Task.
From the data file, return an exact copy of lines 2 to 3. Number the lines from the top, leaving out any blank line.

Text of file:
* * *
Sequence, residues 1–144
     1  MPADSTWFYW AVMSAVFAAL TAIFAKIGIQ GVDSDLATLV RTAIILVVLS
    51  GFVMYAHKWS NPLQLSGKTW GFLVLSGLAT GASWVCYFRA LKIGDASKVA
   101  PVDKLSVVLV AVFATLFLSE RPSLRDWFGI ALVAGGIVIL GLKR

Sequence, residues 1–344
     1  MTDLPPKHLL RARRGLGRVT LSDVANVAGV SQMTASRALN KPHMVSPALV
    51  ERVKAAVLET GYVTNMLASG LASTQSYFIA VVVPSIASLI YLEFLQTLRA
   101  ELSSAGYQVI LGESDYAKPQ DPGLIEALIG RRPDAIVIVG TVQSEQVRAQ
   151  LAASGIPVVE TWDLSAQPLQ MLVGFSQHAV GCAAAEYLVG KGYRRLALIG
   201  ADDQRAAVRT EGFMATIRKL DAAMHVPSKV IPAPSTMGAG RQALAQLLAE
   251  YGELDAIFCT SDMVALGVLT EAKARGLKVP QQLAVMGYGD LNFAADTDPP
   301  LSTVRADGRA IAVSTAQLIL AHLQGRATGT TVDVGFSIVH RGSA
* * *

     1  MPADSTWFYW AVMSAVFAAL TAIFAKIGIQ GVDSDLATLV RTAIILVVLS
    51  GFVMYAHKWS NPLQLSGKTW GFLVLSGLAT GASWVCYFRA LKIGDASKVA